What are mitochondria and what role do they play in our body?
Mitochondria are the power house of virtually every cell in the body. They generate the body’s energy in the form of ATP. They are also key regulators of cell survival and cell death. Mitochondria have the capacity to regenerate, which is known as mitochondrial biogenesis. Excessive stress, poor diet, nutrient deficiencies, toxins and a sedentary life-style can damage mitochondria and decrease mitochondrial biogenesis. Impairment of the body’s oxidative capacity results in damage to the mitochondria and dysregulation of many metabolic processes. Normal aging also slows the process of mitochondrial biogenesis. Mitochondrial dysfunction has been linked to many different degenerative illnesses.
How do we optimize mitochondrial production and maintenance?
The foundation for mitochondrial regeneration includes a nutritious diet that is high in antioxidants, decreased caloric intake or intermittent fasting, regular exercise and targeted nutrient supplementation. I recommend that you talk to your doctor before incorporating fasting, exercise or supplements to ensure that they are appropriate for you.
A diet high in antioxidants: Mitochondrial health is supported through the consumption of foods that are high in antioxidants and contain vitamins and trace minerals that are important in the energy pathways within the mitochondria. This can be accomplished by increasing your intake of brightly colored fruits and vegetables and herbs such as turmeric, rosemary, ginger, oregano, cinnamon, cloves and cilantro.
Eat less: Animal studies show that caloric restriction extends lifespan, and population studies suggest that this is true for humans as well. When you cut back on food consumption fewer demands are made on your mitochondria, and production of damaging free radicals declines. This results in better health and increased longevity. A similar result can be achieved through intermittent fasting. You should consult your physician before making any changes in your daily calorie intake or doing a fast as these need to be closely monitored by a medical professional to ensure safety.
Exercise more: Physical exercise tunes up existing mitochondria and activates the production of new ones. Engaging in consistent, moderate aerobic activity stimulates your muscle cells to adapt to these increased energy demands.
Resveratrol: This is a nutritional supplement that mimics the positive effects of exercise and caloric restriction. Research shows that Resveratrol activates SIRT1 genes. SIRT1 activates a cascade of biochemical reactions that support mitochondrial function and biogenesis. As a result, Resveratrol has been shown to protect against cardiovascular and neurodegenerative diseases, enhance antioxidant status, reduce inflammation and decreases age-related deterioration. ResveratroI is found in red wine or can be taken as a supplement. A standardized extract of trans-resveratrol is the most effective form.
Alpha lipoic acid: This is important in promoting mitochondrial biogenesis. It is a powerful antioxidant and additionally, it helps prevent neuropathy and improves blood sugar regulation and weight control because it increases the burning of fatty acids. It is an important cofactor in mitochondrial membranes and in mitochondrial fat burning pathways.
CoQ10: This is an antioxidant present in all cells and is particularly concentrated in the mitochondria. CoQ10 participates in the production of adenosine triphosphate (ATP), the energy that supports our body. It also protects the mitochondria against free-radical damage. CoQ10 is in highest concentration in heart muscle cells.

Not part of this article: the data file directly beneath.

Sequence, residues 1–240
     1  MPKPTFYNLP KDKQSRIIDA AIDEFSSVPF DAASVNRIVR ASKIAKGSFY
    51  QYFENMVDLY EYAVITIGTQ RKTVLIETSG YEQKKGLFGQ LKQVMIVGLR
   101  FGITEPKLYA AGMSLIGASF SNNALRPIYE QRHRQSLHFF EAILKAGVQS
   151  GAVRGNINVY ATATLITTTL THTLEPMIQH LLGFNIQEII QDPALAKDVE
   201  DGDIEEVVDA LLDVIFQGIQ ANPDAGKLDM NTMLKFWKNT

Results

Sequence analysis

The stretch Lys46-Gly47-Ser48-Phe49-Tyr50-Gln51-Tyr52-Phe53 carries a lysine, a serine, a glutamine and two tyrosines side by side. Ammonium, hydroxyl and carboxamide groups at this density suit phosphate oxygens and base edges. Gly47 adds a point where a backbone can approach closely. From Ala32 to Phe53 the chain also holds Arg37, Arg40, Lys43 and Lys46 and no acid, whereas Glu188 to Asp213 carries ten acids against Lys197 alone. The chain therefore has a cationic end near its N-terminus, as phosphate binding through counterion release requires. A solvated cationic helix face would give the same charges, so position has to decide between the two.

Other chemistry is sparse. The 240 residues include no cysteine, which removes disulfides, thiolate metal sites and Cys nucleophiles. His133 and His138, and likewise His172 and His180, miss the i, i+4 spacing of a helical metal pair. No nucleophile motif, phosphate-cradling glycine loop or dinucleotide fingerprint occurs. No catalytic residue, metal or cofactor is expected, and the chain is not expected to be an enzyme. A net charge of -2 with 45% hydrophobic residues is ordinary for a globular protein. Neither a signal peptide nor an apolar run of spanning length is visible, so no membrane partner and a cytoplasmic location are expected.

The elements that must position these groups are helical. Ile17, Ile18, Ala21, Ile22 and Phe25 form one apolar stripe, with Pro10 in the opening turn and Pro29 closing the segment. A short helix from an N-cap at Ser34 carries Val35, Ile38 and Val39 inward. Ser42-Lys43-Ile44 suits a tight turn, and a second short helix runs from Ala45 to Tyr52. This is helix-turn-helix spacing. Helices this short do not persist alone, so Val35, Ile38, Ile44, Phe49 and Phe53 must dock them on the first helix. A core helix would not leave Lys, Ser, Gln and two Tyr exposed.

NAC (N-Acetyl Cysteine): NAC reduces mitochondrial dysfunction and reduces oxidative stress. Free radicals are byproducts of normal metabolism and outside stressors. They are unstable molecules that steal electrons from other molecules causing cell damage. Antioxidants donate electrons to decrease free radicals and promote cellular health. NAC also provides the building block (cysteine) for the production of glutathione. Glutathione is the most powerful antioxidant in the body.
L-Carnitine: This is a fatty acid transporter that is directly involved in the transport of fatty acids into the mitochondrial matrix where ATP is produced. L-Carnitine deficiency is associated with reduced mitochondrial function, insulin resistance and coronary artery disease. Supplementation can help reverse the age-related decline in cellular glutathione levels and improve mitochondrial activity.
L-Arginine: This is an amino acid that is the primary precursor of nitric oxide (NO). In addition to its protective effects on the mitochondria, NO is a very powerful vasodilator. It relaxes the arteries, enhances vascular health, improves blood flow, and boosts sexual function.
PQQ: This is a vitamin-like nutrient that protects mitochondria from free radical damage and produces new mitochondria. It is an antioxidant and is often included in mitochondrial support supplements.
D-Ribose: This is a sugar that plays an important role in the production of ATP. It supports heart and skeletal muscle function. It is also a component of DNA and RNA. It helps improve diminished exercise capacity by supporting mitochondrial function.
Additional mitochondrial boosting nutrients: Vitamin D, Folate, Vitamin B6, Vitamin B12, Zinc, and trace minerals.
Incorporating these diet, exercise and supplement recommendations can help boost mitochondrial biogenesis, improve cellular function, decrease free-radical production, reduce fat stores, increase lean muscle mass and slow down age-related deterioration. This creates more energy and endurance, reduces risk of disease, improves blood sugar regulation, and perhaps even increases lifespan.
Talk to your naturopathic doctor about helping you formulate an individualized plan for optimal mitochondrial support.